After covering the walls with wood, I continued with the ceiling. I picked tongue and groove boards that would visually stand out from the flat wall panels. For aesthetic reasons, I wanted to keep the number of visible screws as low as possible. The boards had to be mounted very closely to the insulator to gain the highest headroom possible. Unfortunately, the body of my Mercedes 508 is not a simple cuboid that would have allowed me to easily mount the boards. Especially the back of the van is very curved.
Reducing the tension on the boards
The tongue and groove boards are thicker than the wall panels. They were really hard to bend in the strongly curved back of the van. I was afraid to break the board when bending it all the way to the arch using a lot of force.
The board was much easier to bend after cutting several cross grooves into it.
Additionally, I reenforced the arch which was supposed to pull the boards closely to the roof.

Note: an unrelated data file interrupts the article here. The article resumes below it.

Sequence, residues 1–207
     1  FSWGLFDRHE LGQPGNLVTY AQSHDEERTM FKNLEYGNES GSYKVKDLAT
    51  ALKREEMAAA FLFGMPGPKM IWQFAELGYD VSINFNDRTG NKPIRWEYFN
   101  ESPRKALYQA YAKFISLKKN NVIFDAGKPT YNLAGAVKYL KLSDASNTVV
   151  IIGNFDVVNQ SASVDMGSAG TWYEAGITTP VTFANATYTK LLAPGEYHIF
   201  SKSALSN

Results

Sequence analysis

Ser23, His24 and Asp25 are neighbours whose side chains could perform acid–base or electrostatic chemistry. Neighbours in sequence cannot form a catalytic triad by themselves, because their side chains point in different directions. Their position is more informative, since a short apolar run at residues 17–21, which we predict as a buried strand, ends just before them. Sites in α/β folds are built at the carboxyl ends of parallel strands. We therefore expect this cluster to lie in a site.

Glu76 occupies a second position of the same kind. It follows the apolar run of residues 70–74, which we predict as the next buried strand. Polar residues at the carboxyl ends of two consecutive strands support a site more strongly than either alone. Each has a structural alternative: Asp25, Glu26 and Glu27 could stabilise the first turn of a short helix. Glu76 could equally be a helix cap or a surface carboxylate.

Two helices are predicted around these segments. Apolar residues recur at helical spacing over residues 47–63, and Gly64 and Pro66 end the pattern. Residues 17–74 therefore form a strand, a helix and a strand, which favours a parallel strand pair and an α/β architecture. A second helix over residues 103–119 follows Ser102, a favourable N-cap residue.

Centering the boards
I used metal clips to mount the boards on the arches. Plugged into the groove they were covered by the tongue of the next board and couldn’t been seen any more.
When using these metal clips, you usually have to mount one board after the other by starting from one side. I removed the tongue and cut a second groove into one of the boards.
By placing the board with the two grooves into the center, I could add the remaining boards towards both sides in parallel which resulted in a nice symmetric look.
Fitting the boards on the sides
The more I worked towards the side walls, the harder the boards were to bend without creating little gaps.
I avoided these gaps by individually fitting and cutting custom tongues and grooves into each board.
After customizing several boards, I was able to nicely rebuild the shape of the original body without losing much headroom.
Once all the boards were fitted, I finished the wood with oil.
I’m really happy that I took the extra mile to properly fit the boards. I love the result!